Previous research has documented an inverse relationship between speaking anxiety and self-perceived communication competence (SPCC). However, a recent assessment case study of an online basic public speaking course revealed that while the course decreased students’ speaking anxiety, it failed to increase their SPCC. Prompted by this surprising discrepancy and bolstered by continuing calls for increased exploration of educational quality of online public speaking courses, the current study compared SPCC between online (n = 147) and face-to-face (F2F) (n = 544) delivery of the large, standardized, multi-section basic public speaking course at our institution. Pretest scores of students’ overall SPCC were not significantly different between learning modalities. By the end of the F2F course, students perceived significant increases in SPCC. In stark contrast, however, the online sections failed to produce significant changes in SPCC.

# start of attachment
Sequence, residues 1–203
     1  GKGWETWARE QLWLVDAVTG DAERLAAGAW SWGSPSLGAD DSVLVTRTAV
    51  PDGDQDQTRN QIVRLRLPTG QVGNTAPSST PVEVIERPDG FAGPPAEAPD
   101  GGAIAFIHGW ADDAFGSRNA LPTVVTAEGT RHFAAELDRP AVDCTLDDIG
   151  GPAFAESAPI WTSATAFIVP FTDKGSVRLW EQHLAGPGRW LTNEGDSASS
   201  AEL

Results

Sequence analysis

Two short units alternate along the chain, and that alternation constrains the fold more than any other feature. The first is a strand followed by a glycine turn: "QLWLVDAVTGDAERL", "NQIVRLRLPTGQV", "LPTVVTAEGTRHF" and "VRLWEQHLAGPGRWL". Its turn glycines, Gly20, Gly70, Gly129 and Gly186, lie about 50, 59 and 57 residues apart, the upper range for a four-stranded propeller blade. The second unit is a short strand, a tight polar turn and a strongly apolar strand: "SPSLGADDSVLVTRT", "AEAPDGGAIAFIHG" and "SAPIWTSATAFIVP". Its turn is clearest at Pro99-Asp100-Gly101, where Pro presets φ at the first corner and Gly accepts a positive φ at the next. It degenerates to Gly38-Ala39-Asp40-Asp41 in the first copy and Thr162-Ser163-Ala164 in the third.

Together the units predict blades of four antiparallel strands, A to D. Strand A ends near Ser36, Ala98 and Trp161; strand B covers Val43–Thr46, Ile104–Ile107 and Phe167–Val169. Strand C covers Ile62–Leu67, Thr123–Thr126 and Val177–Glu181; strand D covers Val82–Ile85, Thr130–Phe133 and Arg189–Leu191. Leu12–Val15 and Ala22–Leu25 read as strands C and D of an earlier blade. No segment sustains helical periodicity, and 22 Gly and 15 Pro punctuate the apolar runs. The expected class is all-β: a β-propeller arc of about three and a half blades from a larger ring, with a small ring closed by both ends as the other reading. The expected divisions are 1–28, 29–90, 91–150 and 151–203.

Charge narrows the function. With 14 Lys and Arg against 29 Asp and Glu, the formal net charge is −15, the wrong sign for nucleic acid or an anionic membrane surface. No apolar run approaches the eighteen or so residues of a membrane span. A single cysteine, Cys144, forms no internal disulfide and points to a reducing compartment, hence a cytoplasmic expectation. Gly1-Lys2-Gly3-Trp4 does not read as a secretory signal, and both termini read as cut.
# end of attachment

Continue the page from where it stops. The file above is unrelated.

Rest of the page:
These findings suggest that the online basic public speaking course at our institution may not be designed in a way which promotes the development of SPCC—an important marker of our programmatic assessment. These results also draw attention to the need for further research assessing the comparison of delivery methods of the basic communication course and further discussion of best practices for online delivery of the course.
Westwick, Joshua N.; Hunter, Karla M.; and Haleta, Laurie L.
"A Digital Divide? Assessing Self-Perceived Communication Competency in an Online and Face-to-Face Basic Public Speaking Course,"
Basic Communication Course Annual: Vol. 28, Article 11.
Available at: https://ecommons.udayton.edu/bcca/vol28/iss1/11